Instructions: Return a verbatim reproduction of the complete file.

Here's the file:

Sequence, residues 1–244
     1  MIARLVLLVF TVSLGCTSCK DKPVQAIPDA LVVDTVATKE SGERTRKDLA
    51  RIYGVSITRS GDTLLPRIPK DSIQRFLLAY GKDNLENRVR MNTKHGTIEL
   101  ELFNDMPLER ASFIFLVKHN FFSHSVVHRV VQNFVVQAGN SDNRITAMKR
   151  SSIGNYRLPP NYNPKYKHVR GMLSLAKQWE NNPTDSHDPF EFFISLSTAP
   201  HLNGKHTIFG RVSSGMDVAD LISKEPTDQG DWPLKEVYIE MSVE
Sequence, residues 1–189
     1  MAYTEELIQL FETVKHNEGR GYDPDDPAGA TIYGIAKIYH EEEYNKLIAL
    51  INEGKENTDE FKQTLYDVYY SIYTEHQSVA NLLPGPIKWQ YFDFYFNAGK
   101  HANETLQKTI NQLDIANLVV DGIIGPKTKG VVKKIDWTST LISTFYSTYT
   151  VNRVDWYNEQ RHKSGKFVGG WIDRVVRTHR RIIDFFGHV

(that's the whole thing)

Sequence, residues 1–244
     1  MIARLVLLVF TVSLGCTSCK DKPVQAIPDA LVVDTVATKE SGERTRKDLA
    51  RIYGVSITRS GDTLLPRIPK DSIQRFLLAY GKDNLENRVR MNTKHGTIEL
   101  ELFNDMPLER ASFIFLVKHN FFSHSVVHRV VQNFVVQAGN SDNRITAMKR
   151  SSIGNYRLPP NYNPKYKHVR GMLSLAKQWE NNPTDSHDPF EFFISLSTAP
   201  HLNGKHTIFG RVSSGMDVAD LISKEPTDQG DWPLKEVYIE MSVE
Sequence, residues 1–189
     1  MAYTEELIQL FETVKHNEGR GYDPDDPAGA TIYGIAKIYH EEEYNKLIAL
    51  INEGKENTDE FKQTLYDVYY SIYTEHQSVA NLLPGPIKWQ YFDFYFNAGK
   101  HANETLQKTI NQLDIANLVV DGIIGPKTKG VVKKIDWTST LISTFYSTYT
   151  VNRVDWYNEQ RHKSGKFVGG WIDRVVRTHR RIIDFFGHV